Anesthetic considerations during surgical intervention in Woake’s syndrome -a case report

Article information

Korean J Anesthesiol. 2019;72(3):265-269
Publication date (electronic) : 2018 May 15
doi :
Department of Anesthesiology and Pain Medicine, Dong-A University College of Medicine, Busan, Korea
Corresponding author: Sang Yoong Park, M.D. Department of Anesthesiology and Pain Medicine, Dong-A University College of Medicine, 25, Daesingongwon-ro, Seo-gu, Busan 49201, Korea Tel: 82-51-240-5390, Fax: 82-51-247-7819 Email:
Received 2017 December 6; Revised 2018 April 4; Accepted 2018 April 4.



Woake’s syndrome (WS) is a recurrent nasal polyposis, accompanied by broadening of the nose, frontal sinus aplasia, dyscrinia, and bronchiectasis. There has been no previous report on anesthetic management in patients with WS.


We describe a case involving a 13-year-old male patient with WS who was scheduled for septorhinoplasty for necrotic ethmoiditis. Anesthesia was induced and maintained with propofol and remifentanil using a target-controlled infusion device. The anesthetic considerations of this rare syndrome and the advantages of an intravenous infusion method over local and volatile anesthesia for these patients are discussed. We report on caveats, such as pulmonary dysfunction during the anesthetic management, and nasal structural problems encountered in WS patients.


Given that conventional inhaled anesthesia reduces ciliary movement and that local anesthesia with sedative has several disadvantages, perioperative control and precautions against respiratory infections by using antibiotics, and preventing cilio-depressant actions, are important for anesthetic management.

Woake’s syndrome (WS) was first reported in 1885, characterized by necrotizing ethmoiditis, recurrent nasal polyposis, with consecutive destruction of the nasal pyramid, leading to broadening of the nose due to the chronic pressure from the polyps, frontal sinus aplasia, dyscrinia, and bronchiectasis [1]. Nasal polyps, which develop during childhood, are the primary characteristics of this rare condition. Causing severe nasal deformity and necrosis of the star-shaped bone cells due to extensive polyp growth in the paranasal sinuses and nasal cavity. Patients with WS also complain about abundant nasal discharge of rubber-like secretions, without any sign of allergies [2].

The pathophysiological process underlying the inflammation that leads to chronic hyper proliferative sinusitis and nasal polyposis and the pathoetiology of this syndrome are still unclear [3]. Groman et al. [4] have suggested that genetic factors are more common among siblings. They concluded that severe sinus disease seen in these siblings has causes other than the known autosomal recessive diseases associated with recurrent and destructive nasal polyposis. External harmful substances and allergies can accelerate the growth of polyps. However, in many cases of WS, no agents or allergies were found, indicating that this syndrome, involving deformed and recurrent polyps, is a separate clinical entity. The extreme expansion of the nose is explained as a consequence of the chronic pressure of the polyps.

WS patients with bronchiectasis have been treated effectively using physiotherapy and thorough suctioning before and during anesthesia, which prevents obstruction of the respiratory tract and improves respiratory sound after surgery [5]. Moreover, given that upper and lower airway ciliary function is important for pulmonary defense and that conventional inhaled anesthesia reduces ciliary movement, this form of anesthesia could be particularly problematic for patients with WS [6–8]. Preservation of mucociliary movement by using intravenous anesthesia involving propofol and remifentanil may, therefore, benefit WS patients that have pulmonary problems.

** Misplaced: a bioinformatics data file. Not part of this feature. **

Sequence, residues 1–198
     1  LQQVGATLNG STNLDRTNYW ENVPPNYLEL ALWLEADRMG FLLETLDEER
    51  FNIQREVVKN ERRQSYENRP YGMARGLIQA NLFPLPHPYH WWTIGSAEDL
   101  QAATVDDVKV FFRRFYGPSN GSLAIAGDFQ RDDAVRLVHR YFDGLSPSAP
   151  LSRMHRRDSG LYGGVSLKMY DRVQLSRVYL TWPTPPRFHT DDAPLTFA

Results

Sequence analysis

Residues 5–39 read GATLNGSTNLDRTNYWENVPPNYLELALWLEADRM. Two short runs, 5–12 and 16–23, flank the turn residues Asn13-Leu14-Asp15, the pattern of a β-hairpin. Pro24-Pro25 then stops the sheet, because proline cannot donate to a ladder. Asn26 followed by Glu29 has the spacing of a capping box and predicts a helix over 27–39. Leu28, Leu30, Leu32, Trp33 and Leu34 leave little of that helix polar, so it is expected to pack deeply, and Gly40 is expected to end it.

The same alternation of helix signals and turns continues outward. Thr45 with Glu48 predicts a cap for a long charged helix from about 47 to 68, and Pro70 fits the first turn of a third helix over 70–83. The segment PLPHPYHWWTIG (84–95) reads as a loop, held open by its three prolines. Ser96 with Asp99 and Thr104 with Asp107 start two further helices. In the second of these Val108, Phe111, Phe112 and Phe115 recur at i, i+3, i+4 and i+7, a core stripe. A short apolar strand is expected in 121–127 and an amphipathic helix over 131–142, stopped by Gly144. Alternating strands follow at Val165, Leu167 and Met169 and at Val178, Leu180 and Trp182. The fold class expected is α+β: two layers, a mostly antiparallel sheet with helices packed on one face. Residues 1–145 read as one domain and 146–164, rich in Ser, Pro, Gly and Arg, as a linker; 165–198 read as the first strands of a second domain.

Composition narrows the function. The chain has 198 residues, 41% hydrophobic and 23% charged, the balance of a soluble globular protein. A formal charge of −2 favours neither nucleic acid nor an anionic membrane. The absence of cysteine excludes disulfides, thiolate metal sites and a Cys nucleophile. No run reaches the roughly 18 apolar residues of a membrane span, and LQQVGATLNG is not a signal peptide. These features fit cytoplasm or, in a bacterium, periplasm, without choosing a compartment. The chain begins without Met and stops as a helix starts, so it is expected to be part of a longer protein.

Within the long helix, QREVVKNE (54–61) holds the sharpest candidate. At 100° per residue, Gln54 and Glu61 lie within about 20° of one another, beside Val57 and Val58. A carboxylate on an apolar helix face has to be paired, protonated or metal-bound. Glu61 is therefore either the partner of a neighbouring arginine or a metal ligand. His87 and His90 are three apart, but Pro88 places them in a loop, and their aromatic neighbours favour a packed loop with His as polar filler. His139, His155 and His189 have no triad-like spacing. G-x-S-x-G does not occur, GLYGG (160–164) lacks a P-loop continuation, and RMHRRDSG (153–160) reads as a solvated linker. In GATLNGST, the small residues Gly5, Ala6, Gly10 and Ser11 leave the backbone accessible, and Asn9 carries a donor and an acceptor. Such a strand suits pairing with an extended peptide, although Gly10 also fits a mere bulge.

Therefore, anesthetic management of patients with WS should be considered carefully. Herein, we describe a case of successful anesthetic management of a young patient with WS who underwent both endoscopic sinus surgery (ESS) and septorhinoplasty.

Case Report

A 13-year-old male (height: 143 cm; weight: 30 kg) patient presented for surgery with recurring complaints of frequent nasal obstruction, congestion, hyposmia, rhinorrhea, epistaxis, postnasal drip, headache, and snoring since the age of 5 years. Physical examination revealed nose enlargement with no distinctive widening of the nasal bones and a polypoid mass filling the entire nasal cavity. Our case history as well as clinical and laboratory findings fit neither the diagnosis of cystic fibrosis nor that of Kartagener’s syndrome; a differential diagnosis of those syndromes was performed at the Department of Otorhinolaryngology of our institute. Atopic disease was excluded by extensive testing, and ‘asthma, aspirin intolerance, and nasal polyps’ disease was excluded by the absence of asthma, a lack of a family history of aspirin intolerance, and by the early onset of polyposis. Once bronchiectasis and dyscrinia were detected in this patient, a diagnosis of WS was made.

After medical treatment with topical and systemic steroids failed, the patient underwent bilateral nasal polyp removal surgery for the first time at the age of 6 years. At 7, 8, and 10 years of age, he had undergone both ESS and polypectomy elsewhere, and no bronchiectasis was found prior to surgery. Both ESS and septorhinoplasty were also planned for the surgery at our institution. During preoperative evaluation, chest radiography ruled out interstitial pneumonia in both lungs and in the left retrocardiac area (Fig. 1A). High-resolution computed tomography of the chest revealed diffuse bronchial dilatation with bronchial wall thickening and distal air trapping in both lungs (Fig. 2), as well as bronchial asthma or ciliary dyskinesia syndrome. Spirometry revealed a forced vital capacity (FVC) of 80%, forced expiratory volume of 68% (FEV1) in 1 second, and FEV1/FVC of 78%. All other examinations were within normal limits.